As remote learning becomes the norm for schools during COVID-19, members of Congress are urging the Federal Trade Commission to make sure that ed-tech companies’ digital marketing does not infringe on students’ online privacy.
A bipartisan group of senators, including Sens. Ed Markey, a Massachusetts Democrat, and Josh Hawley, a Missouri Republican, has written to the agency and asked it to seek a wide range of information from ed-tech companies about their practices.
That information should include details on companies’ data-collection activity, how they obtain consent for data collection from parents, how they employ machine learning and data analytics to target audiences, and—if they operate platforms for both adults and children—how they determine if their users are children.
The FTC is currently reviewing rules for the federal law that governs ed-tech companies’ practices, the Children’s Online Privacy Protection Act. The agency enforces COPPA.
In their letter, the lawmakers allude to the sweeping impact that the coronavirus is having on districts, which have raced to expand distance learning in ways that will linger well beyond the current public health crisis.
“Online platforms and software offerings have become integral to American education and essential to parents’ support of children’s development,” the senators said. “Many ed tech companies are offering innovative solutions to challenges facing our education system and are enhancing students’ learning experiences.”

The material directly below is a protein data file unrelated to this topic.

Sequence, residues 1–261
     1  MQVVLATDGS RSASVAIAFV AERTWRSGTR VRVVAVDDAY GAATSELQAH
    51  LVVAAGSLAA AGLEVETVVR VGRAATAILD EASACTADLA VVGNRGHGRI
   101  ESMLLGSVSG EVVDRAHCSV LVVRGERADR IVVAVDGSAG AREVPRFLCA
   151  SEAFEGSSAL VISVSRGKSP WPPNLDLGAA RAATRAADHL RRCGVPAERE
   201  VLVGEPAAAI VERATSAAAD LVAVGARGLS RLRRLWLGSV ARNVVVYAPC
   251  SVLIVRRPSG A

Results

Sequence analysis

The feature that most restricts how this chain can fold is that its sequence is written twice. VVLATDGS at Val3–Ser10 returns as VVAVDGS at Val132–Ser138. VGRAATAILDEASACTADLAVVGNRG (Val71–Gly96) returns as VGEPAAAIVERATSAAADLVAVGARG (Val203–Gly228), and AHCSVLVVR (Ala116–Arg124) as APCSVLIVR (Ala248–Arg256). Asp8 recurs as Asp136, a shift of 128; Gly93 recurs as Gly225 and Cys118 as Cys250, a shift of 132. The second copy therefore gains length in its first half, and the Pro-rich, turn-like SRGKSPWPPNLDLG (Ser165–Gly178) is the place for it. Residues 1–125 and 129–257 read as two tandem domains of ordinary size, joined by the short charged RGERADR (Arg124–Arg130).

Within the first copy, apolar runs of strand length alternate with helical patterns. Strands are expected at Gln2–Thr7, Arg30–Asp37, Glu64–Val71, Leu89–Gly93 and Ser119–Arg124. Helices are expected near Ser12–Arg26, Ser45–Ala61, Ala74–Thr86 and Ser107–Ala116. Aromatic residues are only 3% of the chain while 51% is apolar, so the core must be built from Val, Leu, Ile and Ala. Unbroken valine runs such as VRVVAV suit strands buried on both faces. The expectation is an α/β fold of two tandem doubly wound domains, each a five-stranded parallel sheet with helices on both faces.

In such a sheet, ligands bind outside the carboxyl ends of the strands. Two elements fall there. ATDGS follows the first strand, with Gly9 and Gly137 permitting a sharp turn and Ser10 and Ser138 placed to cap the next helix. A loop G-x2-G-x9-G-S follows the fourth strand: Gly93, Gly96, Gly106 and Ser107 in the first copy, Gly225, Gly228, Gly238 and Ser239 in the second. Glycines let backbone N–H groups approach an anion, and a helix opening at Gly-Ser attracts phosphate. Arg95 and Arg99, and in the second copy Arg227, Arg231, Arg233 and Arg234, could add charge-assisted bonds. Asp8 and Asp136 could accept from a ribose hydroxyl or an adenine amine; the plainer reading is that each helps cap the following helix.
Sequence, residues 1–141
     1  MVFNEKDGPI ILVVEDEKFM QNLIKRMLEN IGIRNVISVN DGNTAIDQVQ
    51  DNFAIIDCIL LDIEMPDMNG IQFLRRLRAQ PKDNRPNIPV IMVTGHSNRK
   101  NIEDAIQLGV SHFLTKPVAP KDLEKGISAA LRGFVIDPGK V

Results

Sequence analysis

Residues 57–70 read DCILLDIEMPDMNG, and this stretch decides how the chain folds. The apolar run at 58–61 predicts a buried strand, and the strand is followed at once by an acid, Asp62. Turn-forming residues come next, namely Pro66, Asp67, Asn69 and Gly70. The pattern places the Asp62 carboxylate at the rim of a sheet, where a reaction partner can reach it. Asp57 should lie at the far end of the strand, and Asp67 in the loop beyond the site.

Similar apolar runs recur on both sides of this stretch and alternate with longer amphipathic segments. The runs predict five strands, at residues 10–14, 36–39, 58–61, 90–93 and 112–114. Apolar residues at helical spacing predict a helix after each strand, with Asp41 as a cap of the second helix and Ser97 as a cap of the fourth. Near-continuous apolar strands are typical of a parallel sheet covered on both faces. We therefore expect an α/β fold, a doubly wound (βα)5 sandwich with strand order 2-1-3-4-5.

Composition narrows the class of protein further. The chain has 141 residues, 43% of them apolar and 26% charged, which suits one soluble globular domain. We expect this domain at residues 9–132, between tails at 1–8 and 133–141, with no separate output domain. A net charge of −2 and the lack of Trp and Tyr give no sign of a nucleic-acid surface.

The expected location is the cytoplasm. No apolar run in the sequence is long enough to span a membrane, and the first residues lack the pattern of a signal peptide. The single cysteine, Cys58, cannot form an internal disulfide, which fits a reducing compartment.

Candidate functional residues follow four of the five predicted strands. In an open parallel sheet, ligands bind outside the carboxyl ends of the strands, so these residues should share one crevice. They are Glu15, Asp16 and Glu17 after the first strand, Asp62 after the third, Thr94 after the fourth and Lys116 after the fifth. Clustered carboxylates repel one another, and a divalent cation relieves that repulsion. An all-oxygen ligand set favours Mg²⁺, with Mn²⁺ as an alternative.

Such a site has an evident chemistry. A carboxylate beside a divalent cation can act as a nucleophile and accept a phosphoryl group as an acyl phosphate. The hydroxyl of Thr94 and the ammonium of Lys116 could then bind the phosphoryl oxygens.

Yet COVID-19 has brought a broad shift in online education, and “many of these changes will remain after the coronavirus pandemic is over, as leading technology companies continue to expand their reach into kids’ educational experiences,” the lawmakers said. “For the COPPA Rule to meet the needs of educators, parents, and children, it must account for this new normal.”
As schools introduce a wave of new online lessons, students are spending far more time on the internet for entertainment during the pandemic, the members of Congress added. Children’s overall screen time has increased, and this makes students and their families susceptible to a rush of digital marketing.
“Brands are eager to connect with consumers at young ages, and the global kids digital advertising market is poised to reach $1.7 billion by next year,” they say.
“This steep demand for children’s attention online comes with a steep demand for their personal information. In this way, the rise in digital marketing directed to children presents risks of privacy invasions.”
The lawmakers say the FTC should capitalize on its investigative powers to explore the practices of ed-tech companies that use online advertising that reach children. A particular focus should be “how those commercial entities are shifting their marketing strategies in response to the Coronavirus pandemic and increased screen time.”
Last year the FTC announced plans to review its rules for enforcing COPPA, to ensure that its rules are keeping up with changes in technology and other developments.
As part of that process, the FTC asked for public input—and it has received 170,000 comments so far.
Photo: Sen. Josh Hawley during a congressional hearing in March of last year. (AP Photo/Alex Brandon)